While talks take place regularly between high-level representatives of the NWHL and PHWPA, and despite the NHL saying it would support a single women's league, the parties are still a long way apart.
Knight added, "The NWHL has no relation to us. I played for them for a handful of years (with the Boston Pride) and I did not like my experience.
"The PWHPA is a player-driven, player-led collection of players and an organisation that wants to carve out a better future in the sport and truly believes in what we’re doing."
As well as driving change in ice hockey, Knight is a vocal advocate for social justice.
And her efforts to increase female visibility in hockey were rewarded recently with women's teams included in EA Sports' long-running NHL video game franchise for the first time.
Hilary Knight aims for USA gold repeat at Beijing 2022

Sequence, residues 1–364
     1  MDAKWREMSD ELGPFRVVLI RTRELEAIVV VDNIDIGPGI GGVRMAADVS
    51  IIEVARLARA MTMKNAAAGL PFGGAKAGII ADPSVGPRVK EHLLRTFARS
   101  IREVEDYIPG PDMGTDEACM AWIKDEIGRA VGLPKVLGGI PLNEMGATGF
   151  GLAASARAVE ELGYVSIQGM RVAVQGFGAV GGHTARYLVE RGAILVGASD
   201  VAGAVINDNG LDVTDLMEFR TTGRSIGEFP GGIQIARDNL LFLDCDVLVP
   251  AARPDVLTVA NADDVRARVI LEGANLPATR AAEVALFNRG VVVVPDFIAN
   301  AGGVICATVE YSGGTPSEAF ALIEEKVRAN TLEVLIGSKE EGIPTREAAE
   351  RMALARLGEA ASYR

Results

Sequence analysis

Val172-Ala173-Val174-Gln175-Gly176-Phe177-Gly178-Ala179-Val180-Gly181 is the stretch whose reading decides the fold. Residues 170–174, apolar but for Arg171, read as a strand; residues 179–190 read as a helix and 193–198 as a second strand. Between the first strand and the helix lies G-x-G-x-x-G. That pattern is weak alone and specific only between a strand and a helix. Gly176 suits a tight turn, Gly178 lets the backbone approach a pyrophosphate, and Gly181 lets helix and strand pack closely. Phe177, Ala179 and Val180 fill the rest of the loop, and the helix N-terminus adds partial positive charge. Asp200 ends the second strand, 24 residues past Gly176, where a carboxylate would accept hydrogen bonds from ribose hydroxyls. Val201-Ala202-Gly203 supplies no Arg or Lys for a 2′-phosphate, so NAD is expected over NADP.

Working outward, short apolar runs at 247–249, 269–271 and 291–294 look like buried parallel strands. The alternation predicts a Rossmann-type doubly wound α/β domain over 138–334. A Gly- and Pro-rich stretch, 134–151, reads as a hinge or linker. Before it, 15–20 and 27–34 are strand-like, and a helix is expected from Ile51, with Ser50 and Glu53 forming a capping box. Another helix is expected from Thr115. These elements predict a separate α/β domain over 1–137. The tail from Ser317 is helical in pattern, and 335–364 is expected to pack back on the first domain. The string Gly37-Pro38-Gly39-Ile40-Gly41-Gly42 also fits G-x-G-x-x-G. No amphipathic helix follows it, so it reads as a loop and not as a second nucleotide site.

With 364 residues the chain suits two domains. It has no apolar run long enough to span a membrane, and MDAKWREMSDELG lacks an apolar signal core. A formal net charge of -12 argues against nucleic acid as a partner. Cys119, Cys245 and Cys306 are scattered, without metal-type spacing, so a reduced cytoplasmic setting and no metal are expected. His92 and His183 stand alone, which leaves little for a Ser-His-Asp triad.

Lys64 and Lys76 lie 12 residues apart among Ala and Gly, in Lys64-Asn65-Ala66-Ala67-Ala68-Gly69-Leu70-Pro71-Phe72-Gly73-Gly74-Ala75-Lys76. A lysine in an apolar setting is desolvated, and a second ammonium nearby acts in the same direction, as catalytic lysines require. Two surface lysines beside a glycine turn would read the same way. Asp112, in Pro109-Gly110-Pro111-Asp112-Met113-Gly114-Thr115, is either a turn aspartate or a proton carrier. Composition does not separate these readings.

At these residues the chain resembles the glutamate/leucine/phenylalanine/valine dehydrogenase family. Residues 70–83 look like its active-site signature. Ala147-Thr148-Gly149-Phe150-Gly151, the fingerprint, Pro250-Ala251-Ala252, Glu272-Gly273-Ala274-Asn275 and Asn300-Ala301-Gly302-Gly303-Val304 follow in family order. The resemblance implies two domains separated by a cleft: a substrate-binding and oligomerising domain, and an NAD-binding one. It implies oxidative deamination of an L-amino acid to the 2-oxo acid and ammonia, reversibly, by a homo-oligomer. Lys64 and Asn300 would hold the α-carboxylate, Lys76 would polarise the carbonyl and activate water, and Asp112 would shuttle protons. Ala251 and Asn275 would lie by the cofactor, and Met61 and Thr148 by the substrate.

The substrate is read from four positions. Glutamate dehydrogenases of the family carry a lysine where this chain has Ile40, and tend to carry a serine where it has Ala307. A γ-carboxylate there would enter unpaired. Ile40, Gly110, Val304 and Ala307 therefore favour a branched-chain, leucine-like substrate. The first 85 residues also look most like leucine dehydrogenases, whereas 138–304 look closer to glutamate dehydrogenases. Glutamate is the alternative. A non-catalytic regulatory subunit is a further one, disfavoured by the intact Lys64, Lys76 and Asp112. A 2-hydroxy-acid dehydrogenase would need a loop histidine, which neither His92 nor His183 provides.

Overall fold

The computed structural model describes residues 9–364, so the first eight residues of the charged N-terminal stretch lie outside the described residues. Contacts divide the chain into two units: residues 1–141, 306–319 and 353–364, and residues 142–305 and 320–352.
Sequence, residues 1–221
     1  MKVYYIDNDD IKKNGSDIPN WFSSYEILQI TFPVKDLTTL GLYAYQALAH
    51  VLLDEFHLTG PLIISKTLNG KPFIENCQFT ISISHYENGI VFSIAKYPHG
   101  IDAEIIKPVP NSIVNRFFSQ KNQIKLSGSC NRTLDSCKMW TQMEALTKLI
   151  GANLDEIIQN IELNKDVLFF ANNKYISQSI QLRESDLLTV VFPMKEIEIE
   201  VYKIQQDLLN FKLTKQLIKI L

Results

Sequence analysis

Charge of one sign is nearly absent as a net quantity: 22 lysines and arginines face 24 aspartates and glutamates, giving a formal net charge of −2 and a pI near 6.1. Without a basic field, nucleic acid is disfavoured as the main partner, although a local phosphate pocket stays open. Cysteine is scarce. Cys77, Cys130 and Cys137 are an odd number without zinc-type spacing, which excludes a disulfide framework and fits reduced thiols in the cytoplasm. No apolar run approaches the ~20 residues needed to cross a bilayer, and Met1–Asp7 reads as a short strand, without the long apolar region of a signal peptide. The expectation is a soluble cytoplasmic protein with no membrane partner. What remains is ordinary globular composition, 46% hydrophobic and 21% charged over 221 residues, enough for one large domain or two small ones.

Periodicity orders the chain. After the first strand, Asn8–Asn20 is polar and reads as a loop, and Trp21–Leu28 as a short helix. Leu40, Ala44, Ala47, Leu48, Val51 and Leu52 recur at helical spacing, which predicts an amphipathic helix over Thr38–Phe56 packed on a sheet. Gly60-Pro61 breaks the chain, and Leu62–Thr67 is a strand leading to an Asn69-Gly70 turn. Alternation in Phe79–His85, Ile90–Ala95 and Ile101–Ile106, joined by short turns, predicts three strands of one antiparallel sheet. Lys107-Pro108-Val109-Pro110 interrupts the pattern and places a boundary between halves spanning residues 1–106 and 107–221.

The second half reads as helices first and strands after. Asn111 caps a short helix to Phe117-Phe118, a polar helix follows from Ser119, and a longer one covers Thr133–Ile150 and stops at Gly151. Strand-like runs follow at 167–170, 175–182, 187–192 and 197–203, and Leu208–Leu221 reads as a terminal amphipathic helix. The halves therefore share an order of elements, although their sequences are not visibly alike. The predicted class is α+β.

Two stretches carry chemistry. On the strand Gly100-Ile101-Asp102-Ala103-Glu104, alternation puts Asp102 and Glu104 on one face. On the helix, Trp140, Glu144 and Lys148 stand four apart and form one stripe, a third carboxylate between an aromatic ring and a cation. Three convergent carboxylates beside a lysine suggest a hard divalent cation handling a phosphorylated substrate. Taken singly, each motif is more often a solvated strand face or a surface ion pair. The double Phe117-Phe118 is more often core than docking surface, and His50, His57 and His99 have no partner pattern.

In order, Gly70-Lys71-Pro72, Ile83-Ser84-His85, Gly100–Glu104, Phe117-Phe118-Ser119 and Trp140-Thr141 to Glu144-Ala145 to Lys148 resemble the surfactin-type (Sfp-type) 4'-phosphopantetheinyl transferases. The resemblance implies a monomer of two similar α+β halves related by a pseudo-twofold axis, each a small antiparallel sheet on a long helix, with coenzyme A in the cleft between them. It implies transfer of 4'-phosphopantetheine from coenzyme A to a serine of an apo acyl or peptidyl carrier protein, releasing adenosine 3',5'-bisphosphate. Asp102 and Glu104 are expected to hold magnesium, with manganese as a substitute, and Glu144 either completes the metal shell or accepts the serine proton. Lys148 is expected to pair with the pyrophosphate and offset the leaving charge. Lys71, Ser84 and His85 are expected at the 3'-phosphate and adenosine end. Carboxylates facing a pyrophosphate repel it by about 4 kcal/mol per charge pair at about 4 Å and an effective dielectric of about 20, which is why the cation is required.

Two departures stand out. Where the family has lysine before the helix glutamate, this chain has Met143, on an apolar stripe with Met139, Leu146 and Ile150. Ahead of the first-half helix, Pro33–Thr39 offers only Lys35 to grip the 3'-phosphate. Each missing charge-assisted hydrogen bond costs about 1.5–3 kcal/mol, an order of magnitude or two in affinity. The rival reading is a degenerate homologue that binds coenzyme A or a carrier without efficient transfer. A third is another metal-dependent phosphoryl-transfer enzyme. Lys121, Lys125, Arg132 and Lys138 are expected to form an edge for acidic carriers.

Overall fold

Beijing will be Knight's fourth and probably last Olympic Games.
The likes of Duggan and the Lamoreaux twins retired after PyeongChang, but Knight believes the new-look squad can strike gold.
She told NBC Olympics, "It's wonderful to see the level of skill and talent that the program is developing. So when they get to the senior team, [they're already capable of] lights-out performances.
"There's a lot of promising young stars that... we don't even consider them young in terms of talent, but I'm really excited with the way our teams mesh so far in this process."
But beyond winning gold, Knight is determined to leave a legacy for women and girls in ice hockey.
"It's heartfelt to understand and realise that you're a small piece of inspiring the next generation, inspiring someone to lace up the skates and go out there. Yes, it is about competing and showing up and having fun with one another, but also being a part of something bigger than ourselves and doing it for a larger group that if she can see it, she can be it.
"The younger girls that are looking up to us, the younger boys that we're sparking some small dream to lace up the skates or to be their best on a daily basis, it's a true honour and also a wonderful responsibility that we don't take lightly."